So, bad news first: I have what might be a torn rotator cuff and, in entirely unrelated news, Lyme's disease. Yay me! Lyme's disease, if you catch it early and hit it hard enough with enough antibiotic (doxycilian, I think?), should cause no lasting problems, though the bull's-eye rash on my knee is so impressive everyone at the clinic had to be called in to view it, and my doctor wanted to take a picture.
The rotator cuff, well: that is causing me serious...no, serious is not the word. Agonizing? Vicious? Amazing? Astounding pain. Who knew pain could reach this level? Me with my migraines and childbirth stories and remember I had gall-bladder issues. This is a whole new place of pain! Oh boy!
I've got a fat new bottle of Vicodin and I can see already it won't last long. Ten of them got me through last night. mr. delagar kept thumping (I was wailing in my sleep) telling me, "Go take another one." (I was drugged enough to sleep but not enough to let him sleep.)
The good news? Our University just, like two months ago, got us a semi-socialized clinic. Yay! So I do actually have medical care.
This is opposed to all summer long, when I did not, because the doctors we had been seeing cut us off because we were unable to pay off what we owed them at the rate they thought we ought to be paying them. (We owed twenty-five hundred dollars, that's over and above what the insurance had already paid, which I was paying off at the rate of fifty a month, that's all I could manage, considering mr. delagar's a diabetic and I'm on five different meds, so our monthly medical expenses are already fairly steep -- fifty a month was not enough: one day when I called for an appointment, they wanted me to give them five hundred dollars: that day, right then, or they were giving us no further medical treatment. I offered them two hundred, all I had left in the bank just then. Nope. Five hundred or fuck off. I pointed out I needed my prescriptions refilled, that I was a cancer survivor, and that these prescriptions were necessary, that I would die, literally, without them. Fine, they said, cough up five hundred dollars then.)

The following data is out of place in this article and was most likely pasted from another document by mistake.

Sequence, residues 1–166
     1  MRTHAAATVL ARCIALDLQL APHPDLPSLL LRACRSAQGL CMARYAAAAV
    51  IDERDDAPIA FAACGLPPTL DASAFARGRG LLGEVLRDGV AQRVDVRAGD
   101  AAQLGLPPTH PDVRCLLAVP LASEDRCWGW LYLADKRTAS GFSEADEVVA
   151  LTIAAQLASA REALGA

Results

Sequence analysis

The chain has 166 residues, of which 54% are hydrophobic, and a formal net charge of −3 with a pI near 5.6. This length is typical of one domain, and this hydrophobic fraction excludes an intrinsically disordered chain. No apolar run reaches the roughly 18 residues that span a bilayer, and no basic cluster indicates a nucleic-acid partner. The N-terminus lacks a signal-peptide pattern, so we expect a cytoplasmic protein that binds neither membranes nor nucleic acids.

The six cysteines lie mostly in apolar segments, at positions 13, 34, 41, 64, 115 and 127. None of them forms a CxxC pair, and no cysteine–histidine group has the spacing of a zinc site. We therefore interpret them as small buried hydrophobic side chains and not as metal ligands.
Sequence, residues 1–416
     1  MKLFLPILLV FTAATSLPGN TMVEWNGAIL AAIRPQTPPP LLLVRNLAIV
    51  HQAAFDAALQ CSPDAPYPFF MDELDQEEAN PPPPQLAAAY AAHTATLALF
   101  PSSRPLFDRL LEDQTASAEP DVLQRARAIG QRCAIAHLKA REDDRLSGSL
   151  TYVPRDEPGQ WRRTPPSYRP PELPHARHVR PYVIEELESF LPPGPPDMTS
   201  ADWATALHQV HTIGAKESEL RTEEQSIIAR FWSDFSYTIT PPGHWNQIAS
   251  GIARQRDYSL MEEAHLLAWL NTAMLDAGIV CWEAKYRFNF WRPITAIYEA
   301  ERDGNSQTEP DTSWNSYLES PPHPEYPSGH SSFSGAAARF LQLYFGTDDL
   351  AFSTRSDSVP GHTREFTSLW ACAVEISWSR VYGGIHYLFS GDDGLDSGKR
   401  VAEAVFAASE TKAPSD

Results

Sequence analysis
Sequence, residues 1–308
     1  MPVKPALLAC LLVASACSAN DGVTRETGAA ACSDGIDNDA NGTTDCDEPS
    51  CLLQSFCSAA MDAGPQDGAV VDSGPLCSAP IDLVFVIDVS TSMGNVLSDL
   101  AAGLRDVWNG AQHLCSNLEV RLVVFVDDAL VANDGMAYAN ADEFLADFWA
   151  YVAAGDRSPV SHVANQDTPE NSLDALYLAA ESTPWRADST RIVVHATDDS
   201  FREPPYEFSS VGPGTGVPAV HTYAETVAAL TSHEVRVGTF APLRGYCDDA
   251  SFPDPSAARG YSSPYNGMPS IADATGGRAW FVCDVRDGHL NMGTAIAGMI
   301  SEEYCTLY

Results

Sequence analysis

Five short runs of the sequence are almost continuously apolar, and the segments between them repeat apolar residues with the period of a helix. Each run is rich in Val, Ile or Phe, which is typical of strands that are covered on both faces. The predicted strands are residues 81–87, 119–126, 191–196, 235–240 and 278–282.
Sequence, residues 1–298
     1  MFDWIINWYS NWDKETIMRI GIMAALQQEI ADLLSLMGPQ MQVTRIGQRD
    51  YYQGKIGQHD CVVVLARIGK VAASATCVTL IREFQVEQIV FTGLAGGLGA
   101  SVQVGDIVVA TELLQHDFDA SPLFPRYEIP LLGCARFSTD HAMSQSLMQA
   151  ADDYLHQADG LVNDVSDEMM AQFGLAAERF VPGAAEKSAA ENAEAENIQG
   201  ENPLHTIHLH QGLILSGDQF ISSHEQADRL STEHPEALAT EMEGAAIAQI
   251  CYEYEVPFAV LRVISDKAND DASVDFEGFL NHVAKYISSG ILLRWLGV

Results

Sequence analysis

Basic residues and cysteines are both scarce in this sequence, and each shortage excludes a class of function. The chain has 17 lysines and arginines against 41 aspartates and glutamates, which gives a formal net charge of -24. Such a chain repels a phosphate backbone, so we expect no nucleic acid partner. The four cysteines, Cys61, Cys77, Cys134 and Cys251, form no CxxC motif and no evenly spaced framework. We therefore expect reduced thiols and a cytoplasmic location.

I love American Health Care, don't you?
Anyway, I went to a doc in the box, and got the scripts refilled, but we had been doing without health care since. (The docs above turned us over to a collection agency, even though I continued to pay fifty dollars every month.)
Now we have our university-sponsored semi-socialized health-care clinic, where the doctors don't do anything but practice medicine, where I never have to wait three hours to see the doctor (as I usually did at the previous place), where I don't get told, every third or fourth call, as I always did at the last place, that the doctor is "too busy" to see me, so I'll have to try a doc in the box if I'm "really sick," where I have to do research beforehand myself and tell the doctor what the problem is, if I don't want to end up paying for five or six hugely expensive tests I won't need, because the doctor is too busy to actually figure out what is wrong with me, and is taking the shotgun approach to medicine.
Also? because it's semi-socialized medicine, which means the university sort-of owns it? Our health insurance totally covers it. I get bills, but every single one of them says Patient Owes $OO.OO.
Boy, do I like reading that.